Re Sidibe Harouna

CourtHigh Court (Hong Kong)
Judgment Date19 June 2019
Neutral Citation[2019] HKCFI 1387
Judgement NumberHCAL451/2017
Subject MatterConstitutional and Administrative Law Proceedings


[2019] HKCFI 1387





NO 451 OF 2017


Re: Sidibe Harouna Applicant


Before: Deputy High Court Judge Josiah Lam in Chambers

Date of Hearing: 17 September 2018

Date of Decision: 19 June 2019





1. The Applicant seeks leave to appeal out of time against the order made by Deputy High Court Judge Woodcock on 24 November 2017 in relation to his application for leave for judicial review in HCAL451/2017.

2. The Applicant is a national of Mali. He came to Hong Kong as visitor on 27 June 2011. He overstayed from 28 July 2011. He was arrested by the police on 6 March 2012. Then he lodged a non-refoulement claim.

3. The Applicant said he fled Africa because his parents were Christians and they defied the African tradition of worshipping the Oracle. The Applicant was the first son in the family so he had to be sacrificed to the Oracle in the sense that he had to dedicate himself to worship the Oracle for his entire family. The Applicant said the Oracle had haunted him. He thought he could only get rid of it by leaving Africa.

4. In the ensuing two-tier screening process here, the Director of Immigration (“the Director”) and the Torture Claims Appeal Board/Non-refoulement Claims Petition Office (“TCAB/NCPO” or simply “the Board”) respectively refused the Applicant’s claim with respect to all the four applicable grounds: (i) risk of torture,[1] (ii) risk of persecution,[2] (iii) risk of torture or cruel, inhuman or degrading treatment or punishment (BOR3 risk)[3] and (iv) risk of violation of the right to life (BOR2 risk)[4].

5. The Applicant filed an application for leave for judicial review on 25 July 2017, naming the Board as the putative respondent.

6. Deputy High Court Judge Woodcock (“the Judge”) heard the Applicant on 6 November 2017.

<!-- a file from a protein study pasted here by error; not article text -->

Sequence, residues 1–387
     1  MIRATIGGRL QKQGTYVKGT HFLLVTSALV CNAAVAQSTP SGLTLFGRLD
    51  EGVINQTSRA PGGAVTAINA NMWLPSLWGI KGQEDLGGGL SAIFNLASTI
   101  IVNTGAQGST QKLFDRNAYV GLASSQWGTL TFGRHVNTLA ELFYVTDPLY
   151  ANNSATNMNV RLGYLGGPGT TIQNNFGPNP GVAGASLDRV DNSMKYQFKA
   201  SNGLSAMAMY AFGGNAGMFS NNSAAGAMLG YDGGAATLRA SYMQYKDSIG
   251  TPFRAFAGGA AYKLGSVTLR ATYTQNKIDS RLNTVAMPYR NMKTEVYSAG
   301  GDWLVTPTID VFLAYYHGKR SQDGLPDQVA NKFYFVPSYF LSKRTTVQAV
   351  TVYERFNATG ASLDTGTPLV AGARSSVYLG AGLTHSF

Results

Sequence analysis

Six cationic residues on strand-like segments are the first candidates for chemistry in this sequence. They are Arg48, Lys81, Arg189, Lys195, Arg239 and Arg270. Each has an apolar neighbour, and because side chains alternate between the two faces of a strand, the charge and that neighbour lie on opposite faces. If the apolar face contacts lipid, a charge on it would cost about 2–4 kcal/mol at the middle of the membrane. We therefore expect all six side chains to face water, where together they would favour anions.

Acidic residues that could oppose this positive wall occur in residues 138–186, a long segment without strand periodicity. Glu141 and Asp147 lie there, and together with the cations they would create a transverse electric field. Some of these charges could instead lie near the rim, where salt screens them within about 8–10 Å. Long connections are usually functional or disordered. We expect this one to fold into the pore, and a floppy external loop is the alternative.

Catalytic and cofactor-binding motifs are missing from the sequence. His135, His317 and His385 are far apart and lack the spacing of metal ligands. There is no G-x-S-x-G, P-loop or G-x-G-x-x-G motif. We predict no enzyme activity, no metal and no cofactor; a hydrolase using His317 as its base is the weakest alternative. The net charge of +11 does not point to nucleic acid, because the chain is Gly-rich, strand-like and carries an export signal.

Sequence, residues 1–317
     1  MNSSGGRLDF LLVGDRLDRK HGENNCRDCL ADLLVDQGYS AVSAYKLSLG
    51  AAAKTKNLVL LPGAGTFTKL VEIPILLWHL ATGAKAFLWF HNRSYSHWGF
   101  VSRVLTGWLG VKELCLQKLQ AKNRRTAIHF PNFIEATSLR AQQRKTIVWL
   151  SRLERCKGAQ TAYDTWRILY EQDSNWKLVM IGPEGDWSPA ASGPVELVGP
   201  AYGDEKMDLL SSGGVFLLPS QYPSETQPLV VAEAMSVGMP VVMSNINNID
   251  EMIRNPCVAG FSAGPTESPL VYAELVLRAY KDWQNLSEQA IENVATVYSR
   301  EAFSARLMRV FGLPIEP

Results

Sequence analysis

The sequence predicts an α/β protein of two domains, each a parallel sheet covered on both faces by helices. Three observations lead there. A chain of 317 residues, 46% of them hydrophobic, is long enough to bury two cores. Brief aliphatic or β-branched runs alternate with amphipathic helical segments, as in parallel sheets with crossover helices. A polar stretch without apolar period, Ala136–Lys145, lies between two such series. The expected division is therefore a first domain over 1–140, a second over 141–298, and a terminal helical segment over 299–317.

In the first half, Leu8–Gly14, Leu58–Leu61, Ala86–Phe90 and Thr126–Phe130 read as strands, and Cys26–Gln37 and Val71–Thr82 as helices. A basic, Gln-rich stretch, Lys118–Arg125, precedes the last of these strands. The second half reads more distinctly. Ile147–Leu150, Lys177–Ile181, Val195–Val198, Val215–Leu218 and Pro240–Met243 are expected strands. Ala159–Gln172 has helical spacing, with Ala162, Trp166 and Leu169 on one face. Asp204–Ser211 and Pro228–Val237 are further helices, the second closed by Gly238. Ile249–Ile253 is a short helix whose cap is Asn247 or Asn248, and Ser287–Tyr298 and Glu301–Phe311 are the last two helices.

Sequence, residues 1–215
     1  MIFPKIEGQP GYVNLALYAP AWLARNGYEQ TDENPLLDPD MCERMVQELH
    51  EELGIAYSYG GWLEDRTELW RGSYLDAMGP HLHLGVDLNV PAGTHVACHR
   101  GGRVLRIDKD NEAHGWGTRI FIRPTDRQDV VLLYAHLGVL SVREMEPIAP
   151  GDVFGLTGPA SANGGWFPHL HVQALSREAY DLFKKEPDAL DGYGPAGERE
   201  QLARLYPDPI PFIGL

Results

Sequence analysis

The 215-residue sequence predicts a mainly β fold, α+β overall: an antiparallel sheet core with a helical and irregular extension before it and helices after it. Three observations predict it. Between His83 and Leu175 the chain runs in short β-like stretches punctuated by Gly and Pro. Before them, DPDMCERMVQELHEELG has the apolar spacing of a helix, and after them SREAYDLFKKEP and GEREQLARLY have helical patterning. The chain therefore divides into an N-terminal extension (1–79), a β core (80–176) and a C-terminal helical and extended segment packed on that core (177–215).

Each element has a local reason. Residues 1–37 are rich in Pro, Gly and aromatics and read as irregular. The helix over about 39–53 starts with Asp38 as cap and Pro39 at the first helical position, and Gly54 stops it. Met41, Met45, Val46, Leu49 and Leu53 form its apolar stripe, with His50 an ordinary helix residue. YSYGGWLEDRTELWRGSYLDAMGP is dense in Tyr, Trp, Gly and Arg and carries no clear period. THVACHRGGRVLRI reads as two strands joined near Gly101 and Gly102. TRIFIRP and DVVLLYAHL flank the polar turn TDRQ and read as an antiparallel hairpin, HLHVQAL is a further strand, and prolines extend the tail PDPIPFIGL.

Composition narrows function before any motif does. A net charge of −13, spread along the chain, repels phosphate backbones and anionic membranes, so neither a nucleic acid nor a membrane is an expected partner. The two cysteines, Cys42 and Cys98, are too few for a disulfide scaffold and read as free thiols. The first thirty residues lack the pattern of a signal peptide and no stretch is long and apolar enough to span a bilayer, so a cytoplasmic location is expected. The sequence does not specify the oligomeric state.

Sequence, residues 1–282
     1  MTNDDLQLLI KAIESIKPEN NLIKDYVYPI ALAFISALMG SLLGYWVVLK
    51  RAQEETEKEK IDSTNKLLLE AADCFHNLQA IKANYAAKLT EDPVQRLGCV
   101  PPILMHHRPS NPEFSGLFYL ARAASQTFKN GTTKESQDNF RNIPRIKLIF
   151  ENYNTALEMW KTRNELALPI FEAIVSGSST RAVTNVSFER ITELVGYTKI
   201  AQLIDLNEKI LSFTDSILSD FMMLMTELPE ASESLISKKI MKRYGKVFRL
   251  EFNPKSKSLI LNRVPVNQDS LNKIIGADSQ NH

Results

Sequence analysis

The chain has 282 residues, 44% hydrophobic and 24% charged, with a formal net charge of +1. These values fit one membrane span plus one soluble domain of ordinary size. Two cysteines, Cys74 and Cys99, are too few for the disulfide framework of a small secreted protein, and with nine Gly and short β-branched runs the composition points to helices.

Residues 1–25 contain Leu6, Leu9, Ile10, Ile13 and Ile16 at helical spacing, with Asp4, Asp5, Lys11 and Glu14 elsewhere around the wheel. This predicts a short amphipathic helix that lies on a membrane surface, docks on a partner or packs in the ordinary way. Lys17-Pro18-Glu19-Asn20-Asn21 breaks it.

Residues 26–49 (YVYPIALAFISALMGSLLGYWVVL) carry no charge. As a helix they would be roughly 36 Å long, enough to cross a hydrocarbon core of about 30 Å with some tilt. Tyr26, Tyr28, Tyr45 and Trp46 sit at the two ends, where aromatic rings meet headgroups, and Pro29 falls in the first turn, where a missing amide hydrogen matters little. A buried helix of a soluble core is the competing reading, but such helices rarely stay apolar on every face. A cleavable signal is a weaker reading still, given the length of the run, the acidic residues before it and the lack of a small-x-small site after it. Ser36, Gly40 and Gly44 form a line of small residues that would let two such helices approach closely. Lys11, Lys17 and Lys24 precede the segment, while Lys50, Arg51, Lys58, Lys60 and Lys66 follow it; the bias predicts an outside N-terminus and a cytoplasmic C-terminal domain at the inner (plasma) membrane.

7. On 24 November 2017, the Judge gave her decision. She found the Applicant's application for leave for judicial review was out of time. [The Board's decision was dated 31 March 2017 and the Applicant only applied for leave for judicial review on 25 July 2017. Excluding the three-month grace period for filing, the Applicant was 25 days late.] The Judge found the Applicant had no good reason for his delay.

8. The Applicant also admitted to the Judge that he had no grounds for seeking leave for judicial review.

9. On 24 November 2017, the Judge dismissed the Applicant's application for leave for judicial review. The Applicant did not appeal against the Judge’s decision within 14 days.[5]

Grounds of application for extension of time

10. On 3 September 2018, the Applicant took out a summons asking for extension of time to appeal against the Judge’s decision. He said in his affirmation that he did not know the procedure. A friend briefed him on how to appeal. The Applicant said he was not satisfied with the Judge’s decision.

11. I heard the Applicant on 17 September 2018. He was in person. He said he did not know he had to file his appeal within 14 days from the Judge’s decision.

12. The Applicant was told he had to state his grounds of appeal by pointing out the Judge’s mistakes (if any) to demonstrate he had a reasonable prospect of success in his intended appeal. The Applicant could only provide a one-page statement in court. In that statement, the Applicant just briefly repeated his claim of fear and his dissatisfaction of the Judge’s decision. He could not specify any error committed by the Judge.


13. In considering whether to extend time for appealing against an order to refuse leave for judicial review, the court will have regard to: (i) the length of delay; (ii) the reasons for the delay; (iii) the prospect of the intended appeal; and (iv) the prejudice to the putative respondent if extension of time was granted.[6]

14. The Applicant should file his appeal...

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